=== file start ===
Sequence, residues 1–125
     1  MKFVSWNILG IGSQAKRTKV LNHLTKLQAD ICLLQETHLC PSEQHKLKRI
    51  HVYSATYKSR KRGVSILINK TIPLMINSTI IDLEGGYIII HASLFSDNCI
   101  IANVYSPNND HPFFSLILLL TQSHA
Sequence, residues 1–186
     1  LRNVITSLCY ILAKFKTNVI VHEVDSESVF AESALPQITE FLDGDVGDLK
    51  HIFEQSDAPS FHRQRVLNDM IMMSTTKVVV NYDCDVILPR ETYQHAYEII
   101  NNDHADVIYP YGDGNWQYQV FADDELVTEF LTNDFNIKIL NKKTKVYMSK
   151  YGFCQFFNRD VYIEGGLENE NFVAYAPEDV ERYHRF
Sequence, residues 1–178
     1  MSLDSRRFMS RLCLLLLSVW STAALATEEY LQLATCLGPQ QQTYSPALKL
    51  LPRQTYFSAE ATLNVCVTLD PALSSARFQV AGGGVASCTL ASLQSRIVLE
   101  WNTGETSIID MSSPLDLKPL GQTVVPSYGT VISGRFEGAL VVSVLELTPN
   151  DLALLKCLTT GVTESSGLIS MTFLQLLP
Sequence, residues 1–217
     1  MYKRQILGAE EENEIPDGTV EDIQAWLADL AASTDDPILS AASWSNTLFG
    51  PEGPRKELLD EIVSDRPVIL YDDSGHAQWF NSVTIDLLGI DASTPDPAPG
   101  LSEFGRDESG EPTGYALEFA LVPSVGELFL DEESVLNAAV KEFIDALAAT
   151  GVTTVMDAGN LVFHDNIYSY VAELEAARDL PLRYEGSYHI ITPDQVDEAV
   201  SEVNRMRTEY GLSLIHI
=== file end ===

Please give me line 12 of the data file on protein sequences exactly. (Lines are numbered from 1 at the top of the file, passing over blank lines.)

    51  LPRQTYFSAE ATLNVCVTLD PALSSARFQV AGGGVASCTL ASLQSRIVLE